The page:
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Document Creation Date: 
December 22, 2016
Document Release Date: 
May 2, 2012
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Publication Date: 
April 27, 1986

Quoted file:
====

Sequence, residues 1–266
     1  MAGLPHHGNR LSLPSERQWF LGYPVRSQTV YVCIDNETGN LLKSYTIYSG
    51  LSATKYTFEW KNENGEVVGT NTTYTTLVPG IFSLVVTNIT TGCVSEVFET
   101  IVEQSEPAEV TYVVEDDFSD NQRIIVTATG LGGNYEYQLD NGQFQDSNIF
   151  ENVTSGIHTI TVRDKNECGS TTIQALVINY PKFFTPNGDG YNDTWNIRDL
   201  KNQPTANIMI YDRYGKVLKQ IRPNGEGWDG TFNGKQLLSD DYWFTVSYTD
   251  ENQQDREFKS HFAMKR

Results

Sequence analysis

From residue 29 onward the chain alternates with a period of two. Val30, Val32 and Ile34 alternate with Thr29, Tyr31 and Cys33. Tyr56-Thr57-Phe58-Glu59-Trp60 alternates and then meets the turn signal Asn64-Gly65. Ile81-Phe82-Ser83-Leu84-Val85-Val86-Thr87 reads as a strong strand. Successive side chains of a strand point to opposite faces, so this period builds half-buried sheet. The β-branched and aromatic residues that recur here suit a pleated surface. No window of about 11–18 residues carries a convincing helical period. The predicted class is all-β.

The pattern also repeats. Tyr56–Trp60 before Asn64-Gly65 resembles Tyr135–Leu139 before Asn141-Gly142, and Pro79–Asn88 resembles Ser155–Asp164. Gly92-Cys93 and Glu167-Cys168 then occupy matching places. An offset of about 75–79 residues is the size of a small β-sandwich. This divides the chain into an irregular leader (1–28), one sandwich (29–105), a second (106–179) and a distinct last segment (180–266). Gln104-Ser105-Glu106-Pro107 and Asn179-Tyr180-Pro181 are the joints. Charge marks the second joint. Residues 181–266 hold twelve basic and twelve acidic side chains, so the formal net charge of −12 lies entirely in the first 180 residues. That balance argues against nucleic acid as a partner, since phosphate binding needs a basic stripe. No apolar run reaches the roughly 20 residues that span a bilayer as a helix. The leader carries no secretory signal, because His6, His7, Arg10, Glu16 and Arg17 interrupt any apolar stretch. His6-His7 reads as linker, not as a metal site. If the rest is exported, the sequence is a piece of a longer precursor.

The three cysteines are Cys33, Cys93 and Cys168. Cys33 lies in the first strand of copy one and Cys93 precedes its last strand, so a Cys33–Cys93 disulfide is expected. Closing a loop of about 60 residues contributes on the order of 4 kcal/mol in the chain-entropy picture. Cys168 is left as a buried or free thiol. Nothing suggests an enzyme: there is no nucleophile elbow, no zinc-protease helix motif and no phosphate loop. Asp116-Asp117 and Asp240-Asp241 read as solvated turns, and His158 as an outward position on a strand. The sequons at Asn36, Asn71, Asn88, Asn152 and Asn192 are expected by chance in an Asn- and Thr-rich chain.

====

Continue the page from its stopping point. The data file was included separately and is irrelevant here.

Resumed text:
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STAT_~ ,1MIf~ F nc4x+~rxn Declassified in Part -Sanitized Copy Approved for Release 2012/05/02 :CIA-RDP90-009658000605200001-1 --T 27 Apri 1 1986 BOOK REVIEW ~NHV~ After the election, he asked a Humphrey campaign.- official to help him set up his own international shipping By Peter Maas. company -which was actually a C.I.A. "proprietary" 301 pp. New York: Random House. 517.95. called Maritime Consulting Associates. Now, at last, 1vir. wttson?s career oegan to take off, and his fortune to By Thomas'Powers grow. A proprietary is a company wholly but secretly owned by the C.I.A. According to Mr. Maas, Mr. Wil- son's company shipped everything everywhere -eves NE of Edwin P. Wilson's last acts as a free disassembled boats to central Africa, where they were man, on a plane from the Dominican Republic welded together on the shores of Lake Tanganyika and carrying him to certain arrest in New York in - June 1982, was to tear up a handwritten as used to intercept Soviet arms being ferried across the count of his assets and liabilities after 27 years working lake to rebels in the Congo. (An old C.I.A. hand once told for the C.I.A., the Navy and himself in what might me that, for him, the height of the cold war came one loosely be called the world of intelligence. An alert misty morning when C.I.A. Cubans in our boats had a United States marshal on the plane recovered the list. shoot-0ut with President Fidel Castro': Cubans in their From one point of view, you coWd say Mr. Wilson had ~~ ~ the heart of Africa.) Other Wilson cargoes in- done all right ? his net worth was roughly i14 million. On eluded arms to Angola; crowd-control gear to Chile, the other hand, when the prosecutors were done with Brazil and Venezuela; all finds of equipment for intelli- him he was in solitary confinement in a tough Federal Bence-gathering facilities in Iran; supplies for a group prison, serving sentences totaling 52 years with no bet- of dissident army officers planning a coup in Indonesia. ter than an outside chance of parole somewhere around Here again one would like to know more. AC.I.A.- the year 2000, when he would be 72. backed coup fn Indonesia failed in 1958, before Mr. WII- This was justice of a sort, perhaps, but a very ap- son ~~ ~ ~PP~B business. A :scald, successful proximate sort. Mr. Wilson's partners, hirelings, allies ceuP ~n'ed ~ 1965, but that one ended in a massacre and cronies in a bewildering tangle of schemes to sell a of the Chinese community, and the C.I.A. has always wide variety of illegal military equipment to Libya for denied involvement. Is Mr. Maas offering evidence the the mast part got otf -with light sentences or probation agency was lying? We are not told. in some cages, altogether in others. In truth, our notion At one time or another the C:I.A. has run hundreds of "justice" takes something of a beating in "Man- of proprietaries around the world -airlines, exewtive- hunt," Peter Maas': compelling account of the Wilson recruitment flans, companies chartering ships and air- " case. So do "intelligence.. a~ ..national security.. - craft. Printing companies. newspapers and book pub- abstract nouns freely used to cloak a multitude of venal fishers, advertising agencies and the like. They are not sins in a Washington you won't find described, or even intended to make a profit but sometimes do. Apparently hinted at, in high school textbooks on civics. To me, it Mr. Wilson's did. In any event, lat?Re sums of money sounds a good deal like' Rome after the death of the re- routinely pass through the hands of these firms, and ac- public. Money and empire -global responsibilities, if counting for money for "expenses" is hard to control. you prefer - go hand in hand. Mr. Wilson saw a lot of Mr. Wilson did all right. By 1970 he was worth 5200,000. money passing back and forth and decided to grab alit- The following year he lost his job in a bout of budget cut- tle for himself. He got caught. It's an old story, and Mr. ting at the C.I.A., but he went ahead anyway with the Maas tells it well, with a fine eye for character and set- ting and a good reporter's tenacity in flndmg out things purchase of a substantial estate, Mount Airy Farms, in a whole lot of people don't want him to know. A book of the posh horse country of Virginia. The price was this sort offers ample opportunity for moralizing. Mr. ~~~? Like the provincial governors, tax farmers and Maas wisely lets it go. But along with his conventional army contractors who made fortunes in imperial Rome, tale of crime and punishment, Mr. Maas has also gives Mr. Wilson dreamed of owning land, not working it. us a brutal portrait of what easy money can do to the Eventually he put together a showplace of more than men who make a profession of defense. 2,300 acres. Edwin Wilson was the son of adirt-poor Idaho farm- Of course it never cleared a nickel, but it helped Mr. er, according to what Mr. Wilson told Mr. Maas in their Wilson impress powerful acquaintances -men like the only interview. The father had his neighbors' respect, C.I.A.'s Theodore Shackley, a friend of Mr. Wilson who, as Mr. Wilson discovered after his death, but by then the according to Mr. Maas, was once amorning-line favor- son had built his life around a different goal -money rte to be the Director of Central Intelligence if President and the things it couldr buy. It was slow going at first. Ford had been elected in 1976. Mr. Maas makes it clear -Odd jobs got him through college. Three years as an that just having Mr. Shackley for a friend helped Mr. officer in the Marines ended in discharge with a knee in- Wilson. Another C.I.A. buddy, Thomas Clines, who had jury. A chance encounter led to the Central Intelligence once been his case officer, helped steer Mr. Wilson to his Agency in 1955 with a starting salary of 53,870 a year. next job with the Navy's Task Force 157, a supersecret activity. Mr. Wilson knew how to set up proprietaries ~ Maas': account of Mr. Wilson's first decade in and the Navy didn't. It was a perfect match. In one typi- the agency is sketchy but intriguing. As a security offi- ~ Project the Navy asked Mr. Wilson to provide a cer, for example, Mr. Wilson once found himself listen- "civilf>xn" ship to keep tabs on Soviet nuclear capabil- ing to Vice President Nixon while tapping the phone of a flies in the Indian Ocean. Mr. Wilson delivered a Newsweek reporter. One would like to know a little trawler crammed with electronic gear and billed the , more about that. Later, as a labor specialist with the Task Force for :500,000. His case officer asked him to C.I.A.'s international orgapizations division in 1961, Mr. itemize the bill. Mr. Wilson was happy to oblige. The Wilson worked for a time as an advance man for Sena- new bill had two lines -5250,000 for "product" and for Hubert H. Humphrey, then running for Vice Presi- 5250.000 for "service." dent. It is hard to square these two task with the ~~ C.I.A.'s mandate to pursue foreign intelli ence. Declassified in Part -Sanitized Copy Approved for Release 2012/05/02 :CIA-RDP90-009658000605200001-1